MPEG Layer 1 has long been forgotten. MPEG Layer 2 can sometimes still be found in old TV sets. But it was MPEG Layer 3, better known as the MP3, that spurred a revolution in music.
It started 25 years ago in July 1995, when a team of researchers in Germany found a way to compress audio data into a smaller file that was easier to share online.
The technology they developed in the city of Erlangen enabled hundreds of songs to fit on a relatively small hard drive, like that of the famous iPod with its "1000 Songs in Your Pocket", as the late Apple boss Steve Jobs said in 2001.
Student Karlheinz Brandenburg had selected what seemed like an impossible challenge as the subject of his doctoral research at the Technical Electronics department in Erlangen.
Brandenburg kept revising his work, repeatedly refining the compression process, until his favourite song – Tom's Diner by Suzanne Vega – no longer sounded terrible.
The Moving Picture Experts Group (MPEG) had been unable to agree on a single procedure, so three different methods for playing sound and music online and through digital radio were standardised.
The format that ended.mp3 then upended the music industry.
Part of that initial revolution involved a criminal hack. The Erlangen researchers put a "reference coder" online to show off the MP3's abilities. It only encoded one minute of music but a student managed to break this limit on the playing time and uploaded the hacked version of the program online.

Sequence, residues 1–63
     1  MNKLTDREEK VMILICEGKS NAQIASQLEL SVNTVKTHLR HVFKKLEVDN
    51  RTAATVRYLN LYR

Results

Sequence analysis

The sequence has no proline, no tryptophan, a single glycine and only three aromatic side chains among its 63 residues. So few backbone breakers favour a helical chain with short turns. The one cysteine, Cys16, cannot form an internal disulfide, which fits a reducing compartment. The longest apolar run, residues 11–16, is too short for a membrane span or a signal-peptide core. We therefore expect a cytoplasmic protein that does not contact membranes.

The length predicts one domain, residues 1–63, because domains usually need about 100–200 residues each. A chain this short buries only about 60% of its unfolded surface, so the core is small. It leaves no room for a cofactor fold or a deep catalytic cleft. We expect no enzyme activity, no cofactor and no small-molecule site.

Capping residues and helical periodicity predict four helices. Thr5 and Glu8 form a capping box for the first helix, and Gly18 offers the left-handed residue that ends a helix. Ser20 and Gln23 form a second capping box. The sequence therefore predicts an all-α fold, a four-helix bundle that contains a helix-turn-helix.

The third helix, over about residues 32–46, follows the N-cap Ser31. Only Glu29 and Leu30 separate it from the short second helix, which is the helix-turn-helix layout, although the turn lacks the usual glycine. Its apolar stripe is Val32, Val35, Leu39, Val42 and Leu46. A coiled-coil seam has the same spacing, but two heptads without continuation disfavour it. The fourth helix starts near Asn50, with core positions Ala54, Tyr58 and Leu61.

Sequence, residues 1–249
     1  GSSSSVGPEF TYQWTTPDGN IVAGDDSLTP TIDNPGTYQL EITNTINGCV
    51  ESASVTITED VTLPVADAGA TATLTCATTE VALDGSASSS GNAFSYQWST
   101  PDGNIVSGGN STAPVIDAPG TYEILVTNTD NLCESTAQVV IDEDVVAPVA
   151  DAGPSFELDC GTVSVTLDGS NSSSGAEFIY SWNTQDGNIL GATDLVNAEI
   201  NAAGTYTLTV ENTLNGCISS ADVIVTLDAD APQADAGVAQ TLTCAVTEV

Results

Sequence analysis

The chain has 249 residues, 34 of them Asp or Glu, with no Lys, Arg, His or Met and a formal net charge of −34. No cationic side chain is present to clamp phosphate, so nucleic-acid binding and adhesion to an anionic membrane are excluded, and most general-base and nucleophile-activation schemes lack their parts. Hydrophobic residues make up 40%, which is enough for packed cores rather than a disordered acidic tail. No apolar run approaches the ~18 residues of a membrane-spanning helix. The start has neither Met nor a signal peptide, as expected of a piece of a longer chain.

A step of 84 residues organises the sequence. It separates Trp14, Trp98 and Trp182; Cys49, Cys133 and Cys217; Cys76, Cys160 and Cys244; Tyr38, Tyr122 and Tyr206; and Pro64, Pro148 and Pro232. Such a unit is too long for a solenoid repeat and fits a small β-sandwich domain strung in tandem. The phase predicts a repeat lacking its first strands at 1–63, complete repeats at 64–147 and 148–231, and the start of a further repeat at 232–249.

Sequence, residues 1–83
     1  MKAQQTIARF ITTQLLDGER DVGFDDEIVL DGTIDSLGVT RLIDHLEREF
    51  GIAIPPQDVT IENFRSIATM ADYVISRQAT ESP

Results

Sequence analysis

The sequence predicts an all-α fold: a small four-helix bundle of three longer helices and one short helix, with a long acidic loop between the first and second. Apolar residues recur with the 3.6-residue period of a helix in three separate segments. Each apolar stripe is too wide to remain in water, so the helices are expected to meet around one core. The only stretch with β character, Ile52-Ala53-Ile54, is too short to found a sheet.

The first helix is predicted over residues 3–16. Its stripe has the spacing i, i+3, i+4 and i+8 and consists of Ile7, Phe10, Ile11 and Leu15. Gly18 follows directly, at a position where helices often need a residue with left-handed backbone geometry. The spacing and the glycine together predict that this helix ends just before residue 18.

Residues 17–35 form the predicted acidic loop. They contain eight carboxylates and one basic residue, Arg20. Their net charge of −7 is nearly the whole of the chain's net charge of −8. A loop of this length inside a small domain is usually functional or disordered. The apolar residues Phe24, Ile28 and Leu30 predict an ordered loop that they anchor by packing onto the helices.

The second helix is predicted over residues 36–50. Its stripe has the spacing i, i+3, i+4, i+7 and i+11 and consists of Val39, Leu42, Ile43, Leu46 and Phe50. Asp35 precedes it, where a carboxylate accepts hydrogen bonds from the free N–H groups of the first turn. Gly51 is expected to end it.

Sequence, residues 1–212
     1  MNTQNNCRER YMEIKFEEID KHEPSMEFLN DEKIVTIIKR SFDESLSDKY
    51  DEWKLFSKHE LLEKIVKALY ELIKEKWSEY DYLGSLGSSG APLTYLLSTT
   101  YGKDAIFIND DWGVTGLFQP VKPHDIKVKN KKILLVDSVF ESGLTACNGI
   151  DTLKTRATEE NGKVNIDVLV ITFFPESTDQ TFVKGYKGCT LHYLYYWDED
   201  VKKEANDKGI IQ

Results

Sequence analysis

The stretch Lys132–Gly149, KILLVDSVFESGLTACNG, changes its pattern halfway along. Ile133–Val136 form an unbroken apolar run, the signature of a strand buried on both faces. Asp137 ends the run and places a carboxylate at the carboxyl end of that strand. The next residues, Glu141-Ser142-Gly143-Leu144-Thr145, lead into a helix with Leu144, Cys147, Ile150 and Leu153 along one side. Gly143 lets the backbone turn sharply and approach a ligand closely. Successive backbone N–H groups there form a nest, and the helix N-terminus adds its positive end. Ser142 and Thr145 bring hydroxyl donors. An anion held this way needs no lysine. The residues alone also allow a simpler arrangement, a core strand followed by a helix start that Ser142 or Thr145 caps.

That triggered the MP3 wave that first peaked on the Napster audio platform.
Overnight, it was possible to share music online worldwide, even if data transmission moved at a snail's pace compared to today.
The industry took a while to recover, only bouncing back in 2003, with the iTunes Music Store and legal streaming services such as Spotify in 2008.
Despite repeated improvements to the compression process, MP3 and its successors face ongoing criticism.
Naysayers argued that an MP3 file was just a poorer version of what analogue music once was, a modest replacement for the wonder that listeners enjoyed playing vinyl, said Canadian musician Neil Young.
Brandenburg can accept some of the criticism of the original MP3. But he says that with better speeds of data transmission, new processes like AAC are so good that people really can't tell the difference between vinyl and digital music.
Blind tests underline this, including by Britain's Huddersfield University. "Sound quality is not the sole defining factor and that listener preferences are profoundly influenced by other, non-auditory attributes," researchers there concluded.
Today almost all streaming services like Spotify use the second and third generation of the AAC sound code. But even a quarter of a century after it was created, the.mp3 filename extension is still the best-known format in digital music. – dpa
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